Between 1978 -1984 Herve Constant produced painting after painting, yet within a year of his first sojourn in painting, he was painting in a completely different and new way. By a process of deliberation and control the body of his paintings were carefully composed.
One sees how an artist gradually moves through different phases, from figurative to abstraction and back again.
The wild, though expertly handled colours of his abstractions can be read as joyful evocations demonstrating an artist’s virtuosity, but really, they are another mode of expressing his own personal anguish. The vision of the world which he has to offer is peculiar to himself, despite its borrowing from the French past. It is a vision in which the individual is battered about by society and thereafter left to fend for himself.
The human beings in Herve Constant’s painting often look as if they have been carved out of wood with rather blunt knife, the woman turns warily to the wall, the woman turns warily to the man, the man is surrounded by invisible bars, the window is extended outwards. Certain objects have long been recognised for what they symbolise and pass from age as accepted counters. The snake, fire, wine, and bread may be given as examples.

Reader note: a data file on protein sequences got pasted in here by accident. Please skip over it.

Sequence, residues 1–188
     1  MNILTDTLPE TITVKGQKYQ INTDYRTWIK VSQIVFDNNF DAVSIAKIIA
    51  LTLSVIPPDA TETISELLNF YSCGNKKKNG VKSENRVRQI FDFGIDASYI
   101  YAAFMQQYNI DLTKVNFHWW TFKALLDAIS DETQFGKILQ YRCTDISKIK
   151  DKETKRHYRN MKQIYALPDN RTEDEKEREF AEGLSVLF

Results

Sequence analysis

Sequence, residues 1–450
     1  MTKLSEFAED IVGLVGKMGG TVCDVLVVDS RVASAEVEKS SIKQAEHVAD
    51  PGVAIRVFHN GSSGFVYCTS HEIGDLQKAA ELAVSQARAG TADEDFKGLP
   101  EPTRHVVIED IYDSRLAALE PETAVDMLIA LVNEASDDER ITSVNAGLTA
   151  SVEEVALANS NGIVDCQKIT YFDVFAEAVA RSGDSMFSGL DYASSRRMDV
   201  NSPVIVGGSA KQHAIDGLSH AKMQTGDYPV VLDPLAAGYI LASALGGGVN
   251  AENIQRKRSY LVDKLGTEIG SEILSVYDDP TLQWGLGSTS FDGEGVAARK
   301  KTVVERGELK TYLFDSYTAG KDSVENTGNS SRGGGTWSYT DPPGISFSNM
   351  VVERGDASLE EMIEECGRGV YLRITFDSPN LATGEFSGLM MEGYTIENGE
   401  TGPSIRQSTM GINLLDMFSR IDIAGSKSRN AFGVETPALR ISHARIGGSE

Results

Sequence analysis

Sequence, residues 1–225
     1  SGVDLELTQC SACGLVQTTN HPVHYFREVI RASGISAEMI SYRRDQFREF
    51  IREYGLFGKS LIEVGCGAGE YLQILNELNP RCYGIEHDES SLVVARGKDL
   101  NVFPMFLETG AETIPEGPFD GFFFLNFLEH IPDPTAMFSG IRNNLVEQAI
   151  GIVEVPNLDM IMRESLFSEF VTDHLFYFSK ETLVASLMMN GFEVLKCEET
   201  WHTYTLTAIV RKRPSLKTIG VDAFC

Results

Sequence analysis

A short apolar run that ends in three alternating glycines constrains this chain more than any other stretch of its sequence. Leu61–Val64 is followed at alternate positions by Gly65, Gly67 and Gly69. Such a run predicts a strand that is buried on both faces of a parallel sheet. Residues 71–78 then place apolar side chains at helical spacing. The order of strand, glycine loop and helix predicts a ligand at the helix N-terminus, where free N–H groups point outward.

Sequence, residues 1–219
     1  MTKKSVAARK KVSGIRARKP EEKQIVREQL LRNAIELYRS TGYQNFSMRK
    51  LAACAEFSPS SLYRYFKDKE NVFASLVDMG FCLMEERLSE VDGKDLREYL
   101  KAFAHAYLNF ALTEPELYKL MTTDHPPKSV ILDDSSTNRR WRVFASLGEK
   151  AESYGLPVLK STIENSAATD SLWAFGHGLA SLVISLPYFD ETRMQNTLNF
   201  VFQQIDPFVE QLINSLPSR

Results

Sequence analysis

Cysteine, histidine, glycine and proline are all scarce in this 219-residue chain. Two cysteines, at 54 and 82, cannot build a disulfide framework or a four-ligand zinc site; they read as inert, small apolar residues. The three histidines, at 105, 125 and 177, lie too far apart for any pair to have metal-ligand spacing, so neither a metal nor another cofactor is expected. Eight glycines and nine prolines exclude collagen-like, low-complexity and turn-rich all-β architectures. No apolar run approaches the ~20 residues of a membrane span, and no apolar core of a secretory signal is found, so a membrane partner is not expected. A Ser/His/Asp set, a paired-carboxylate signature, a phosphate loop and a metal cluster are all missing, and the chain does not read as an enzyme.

Herve Constant seeks deliberately to create valid symbols or make use of both abstract and concrete symbols. In his paintings he insists on using the window, ladder, and bird.
There is a sort of subdued pandemonium in the air, a note of repressed violence, as the awaited explosion requires the advent of some utterly minute details, something completely unexpected. In a room designed to receive the warmth of two lovers, we find two empty chairs or perhaps the shadows of the two empty chairs. Everything is endured, disgrace, humiliation, poetry, war… in the belief that overnight something will occur a miracle which will render life tolerable. By means of the symbols. Herve Constant defined his situation in generality, he re-establishes his being in the world. Although he has been painting seriously for five years, his talent has enabled him to translate the blue depths of feelings.
Some of his paintings are full, without exception, of the strange childlike figures reminiscent, of the work of Paul Klee which merge and merge with a confusing complexity of character. Or are they Miro’s “Carnival of Harlequin” and “The Hunter”? William Rubin lately identified no fewer than 58 specific local references in what is basically “An image of a peasant hunting in the Catalan countryside”.
Like every modern artist, Herve Constant is trying to be individualist, realising at the same time how difficult is such attempt.
What does he want to achieve?
An art in which harmony emerges from an iridescent shimmer of colours, colours which belong not to any scene in nature, but to a world of unconscious fantasy.
Out of nothingness arises the sign of infinity.
A new way is dawning, a metallurgical day.
Haifa Zangana (Melmoth Magazine October 1984) London